DETROIT--Volkswagen AG finally approved the production of the New Microbus. It’s due in 2005.
Does anyone care? You bet. But VW is still mum on some key details, and some answers for some critical questions: Why a Microbus? Does it make good business sense? And now that the New Beetle is struggling to keep its bulbous roof above water four years after introduction, is the market for comeback heritage vehicles really there at the volumes necessary to sell it to the accountants?
The Microbus legend
Where did it all begin? Well, in Germany of course, but much of the legend and lore of the Microbus wasn’t built on where it was built — it was built on the people who drove them.
From Alice’s Restaurant to the Grateful Deadheads to the Reverend Jim from Taxi, a let’s-call-them-unique generation of people warmed to the Transporter/Microbus, the first real minivan (that’s right, Lido), and adopted it, along with its Beetle cousin, as an icon.
Ben Pon, a Dutch importer for the U.S., proposed the original design in 1947. His drawing was a simple concept; he drew a rectangle on top of the existing Beetle platform. It’s astonishing to think that the Microbus was on the same chassis as the Beetle, and had the same engines — a nine-passenger van on the same wheelbase as the four-passenger Beetle. No wonder the driver found himself sitting forward of the front axle, virtually unprotected in a front-end crash.
Buses began with the same 1131-cc engine as the Beetle, but as years passed, they gained bigger flat fours along with the other VWs. In 1956, the Deluxe Microbus had windows all around the body plus skylights and sold for $2,095. Late 1950s Microbuses came with Safari-like swing-open windshields and the panel truck versions came with doors on both sides of the body.
How they sold
Building the Microbus was fairly simple, but selling it to an unsuspecting American market raised on megacruiser station wagons was no simple feat. When introduced in the U.S. in 1950, Volkswagen advertised it as a "Station Wagon" to make it more palatable to consumers who never heard of using a van for everyday driving. Using the success of the Beetle's "Think Small" ad campaign, the Bus was marketed to people as "Think Tall."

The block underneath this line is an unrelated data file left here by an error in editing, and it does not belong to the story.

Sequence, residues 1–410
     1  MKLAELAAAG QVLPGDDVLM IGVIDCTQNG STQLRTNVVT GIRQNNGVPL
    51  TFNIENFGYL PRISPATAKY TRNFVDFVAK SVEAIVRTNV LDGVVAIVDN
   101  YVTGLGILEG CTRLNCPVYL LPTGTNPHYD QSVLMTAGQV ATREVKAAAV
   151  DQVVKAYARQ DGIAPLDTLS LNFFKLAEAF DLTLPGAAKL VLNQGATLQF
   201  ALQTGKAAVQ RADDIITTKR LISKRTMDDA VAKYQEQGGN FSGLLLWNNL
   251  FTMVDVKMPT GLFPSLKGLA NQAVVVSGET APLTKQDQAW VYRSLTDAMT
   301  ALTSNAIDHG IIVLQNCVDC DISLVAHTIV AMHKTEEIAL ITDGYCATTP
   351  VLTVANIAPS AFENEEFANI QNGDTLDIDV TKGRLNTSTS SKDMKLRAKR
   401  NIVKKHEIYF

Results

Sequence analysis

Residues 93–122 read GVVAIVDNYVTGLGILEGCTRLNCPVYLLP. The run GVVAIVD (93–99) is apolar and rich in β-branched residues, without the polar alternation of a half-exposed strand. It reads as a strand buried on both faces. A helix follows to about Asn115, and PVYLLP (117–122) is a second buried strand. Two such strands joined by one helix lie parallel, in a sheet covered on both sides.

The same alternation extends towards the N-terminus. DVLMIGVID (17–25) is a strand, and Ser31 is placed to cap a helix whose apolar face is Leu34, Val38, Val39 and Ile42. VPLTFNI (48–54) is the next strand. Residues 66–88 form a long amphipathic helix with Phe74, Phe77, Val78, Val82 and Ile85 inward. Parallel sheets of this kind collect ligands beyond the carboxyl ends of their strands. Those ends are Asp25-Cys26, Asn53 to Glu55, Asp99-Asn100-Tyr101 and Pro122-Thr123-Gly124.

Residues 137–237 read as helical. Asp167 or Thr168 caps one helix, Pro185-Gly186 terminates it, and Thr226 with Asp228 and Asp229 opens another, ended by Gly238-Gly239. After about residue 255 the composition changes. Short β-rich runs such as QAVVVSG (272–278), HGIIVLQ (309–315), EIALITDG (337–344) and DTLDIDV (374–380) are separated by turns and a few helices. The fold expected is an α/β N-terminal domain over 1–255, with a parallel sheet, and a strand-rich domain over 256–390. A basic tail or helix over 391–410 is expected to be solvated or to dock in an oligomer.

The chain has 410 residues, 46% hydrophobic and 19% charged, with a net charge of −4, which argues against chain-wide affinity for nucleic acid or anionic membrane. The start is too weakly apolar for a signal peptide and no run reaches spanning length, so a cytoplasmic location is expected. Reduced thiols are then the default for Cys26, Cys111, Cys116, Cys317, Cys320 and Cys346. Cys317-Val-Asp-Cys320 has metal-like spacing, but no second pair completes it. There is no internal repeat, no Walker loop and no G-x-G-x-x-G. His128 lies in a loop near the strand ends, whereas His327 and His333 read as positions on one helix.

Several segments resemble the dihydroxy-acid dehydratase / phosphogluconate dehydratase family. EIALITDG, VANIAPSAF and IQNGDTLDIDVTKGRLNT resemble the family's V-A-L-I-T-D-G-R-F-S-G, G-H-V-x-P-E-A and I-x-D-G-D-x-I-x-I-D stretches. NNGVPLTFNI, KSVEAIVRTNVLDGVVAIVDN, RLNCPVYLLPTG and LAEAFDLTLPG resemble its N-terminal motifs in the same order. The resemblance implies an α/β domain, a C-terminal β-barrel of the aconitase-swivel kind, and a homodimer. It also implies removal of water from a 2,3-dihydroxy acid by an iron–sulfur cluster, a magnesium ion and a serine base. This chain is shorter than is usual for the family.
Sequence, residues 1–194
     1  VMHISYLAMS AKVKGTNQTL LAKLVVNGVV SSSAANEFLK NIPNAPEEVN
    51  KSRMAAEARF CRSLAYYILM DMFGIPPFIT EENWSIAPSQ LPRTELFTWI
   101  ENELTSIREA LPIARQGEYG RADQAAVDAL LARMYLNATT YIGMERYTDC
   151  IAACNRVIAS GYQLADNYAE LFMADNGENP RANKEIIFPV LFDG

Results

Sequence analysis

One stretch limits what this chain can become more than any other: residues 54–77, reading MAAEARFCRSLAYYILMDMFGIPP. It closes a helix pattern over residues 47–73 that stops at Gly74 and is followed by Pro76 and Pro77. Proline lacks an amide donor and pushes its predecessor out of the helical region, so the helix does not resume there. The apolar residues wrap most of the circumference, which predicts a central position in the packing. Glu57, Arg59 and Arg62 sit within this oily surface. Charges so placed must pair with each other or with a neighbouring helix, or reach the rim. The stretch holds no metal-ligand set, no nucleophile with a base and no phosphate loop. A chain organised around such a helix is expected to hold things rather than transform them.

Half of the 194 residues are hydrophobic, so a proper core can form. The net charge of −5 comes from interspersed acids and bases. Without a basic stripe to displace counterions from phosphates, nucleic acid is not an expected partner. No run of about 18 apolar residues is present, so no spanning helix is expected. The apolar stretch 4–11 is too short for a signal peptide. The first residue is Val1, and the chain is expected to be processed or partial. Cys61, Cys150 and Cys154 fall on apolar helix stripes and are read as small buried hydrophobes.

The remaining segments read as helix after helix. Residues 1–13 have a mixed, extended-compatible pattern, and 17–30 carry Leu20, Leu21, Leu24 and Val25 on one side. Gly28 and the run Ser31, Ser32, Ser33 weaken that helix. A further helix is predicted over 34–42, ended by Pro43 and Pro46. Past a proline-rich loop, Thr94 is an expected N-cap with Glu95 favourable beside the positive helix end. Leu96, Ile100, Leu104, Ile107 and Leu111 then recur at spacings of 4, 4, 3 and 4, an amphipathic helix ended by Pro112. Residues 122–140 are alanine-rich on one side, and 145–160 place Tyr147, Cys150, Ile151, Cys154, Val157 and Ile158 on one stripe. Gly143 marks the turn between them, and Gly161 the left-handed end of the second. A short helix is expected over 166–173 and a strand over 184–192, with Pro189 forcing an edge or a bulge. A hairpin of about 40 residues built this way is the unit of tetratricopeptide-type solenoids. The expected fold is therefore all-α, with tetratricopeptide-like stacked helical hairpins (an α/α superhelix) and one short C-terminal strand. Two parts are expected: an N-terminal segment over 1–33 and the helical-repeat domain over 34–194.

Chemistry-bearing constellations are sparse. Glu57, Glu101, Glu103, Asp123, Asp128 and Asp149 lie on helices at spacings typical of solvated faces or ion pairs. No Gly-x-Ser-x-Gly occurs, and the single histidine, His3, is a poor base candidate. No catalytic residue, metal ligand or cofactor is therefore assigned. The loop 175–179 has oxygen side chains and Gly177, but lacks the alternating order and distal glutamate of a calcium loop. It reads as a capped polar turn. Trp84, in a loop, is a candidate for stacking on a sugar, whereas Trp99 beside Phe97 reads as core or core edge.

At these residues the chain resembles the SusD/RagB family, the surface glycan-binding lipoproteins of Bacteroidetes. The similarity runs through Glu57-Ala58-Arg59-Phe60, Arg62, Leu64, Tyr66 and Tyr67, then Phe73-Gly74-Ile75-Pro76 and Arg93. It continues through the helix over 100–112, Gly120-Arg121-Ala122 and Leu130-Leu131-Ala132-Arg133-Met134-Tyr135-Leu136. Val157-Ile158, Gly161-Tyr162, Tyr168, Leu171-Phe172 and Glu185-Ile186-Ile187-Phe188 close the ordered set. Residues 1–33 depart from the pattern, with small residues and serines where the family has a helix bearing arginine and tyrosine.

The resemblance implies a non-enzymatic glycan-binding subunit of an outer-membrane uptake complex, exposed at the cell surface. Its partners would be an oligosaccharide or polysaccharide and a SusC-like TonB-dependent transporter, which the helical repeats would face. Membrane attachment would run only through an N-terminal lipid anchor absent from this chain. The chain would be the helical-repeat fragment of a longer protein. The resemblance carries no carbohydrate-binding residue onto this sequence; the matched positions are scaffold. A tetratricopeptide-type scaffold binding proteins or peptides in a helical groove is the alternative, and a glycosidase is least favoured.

When they first arrived, they had no competition. At first it was Eisenhower Moms and Pops who liked to go camping or had six or seven kids. But by the mid-1960s, they were showing up on college campuses and elsewhere as the choice of hippies who often painted them with house paint to reflect the passing moods and political feelings.
The vehicle was known as the Type 2, Type 1 being the Beetle, and was referred to as the Transporter. The term "Microbus" was used to describe it because the vehicle had seating for nine, 21 windows with a panned windshield and the engine in the rear.
Nearly two million vans were built between 1950 and 1967 (the first generation), but sales did not take off in the U.S. until the 1960s. By 1962, Transporters were the second best selling imported vehicles after the Beetle.
In 1967, the second generation of the Bus was released, officially called the T2. The front end was flattened, the windshield was changed to a one-pane wrap, the sliding side door was introduced and the engine was given a boost in power.
The T2 had the best year of any Volkswagen bus and sold 65,069 units in 1971. Overall 433,594 Microbuses were sold in the U.S. between 1967 and 1978.